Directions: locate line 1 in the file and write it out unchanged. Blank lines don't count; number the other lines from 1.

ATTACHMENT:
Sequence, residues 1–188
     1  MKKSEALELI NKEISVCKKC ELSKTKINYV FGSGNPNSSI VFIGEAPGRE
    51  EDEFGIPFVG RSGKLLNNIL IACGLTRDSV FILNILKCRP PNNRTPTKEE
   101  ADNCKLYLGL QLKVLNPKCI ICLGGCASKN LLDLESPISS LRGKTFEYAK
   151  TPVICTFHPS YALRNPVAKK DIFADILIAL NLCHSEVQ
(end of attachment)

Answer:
Sequence, residues 1–188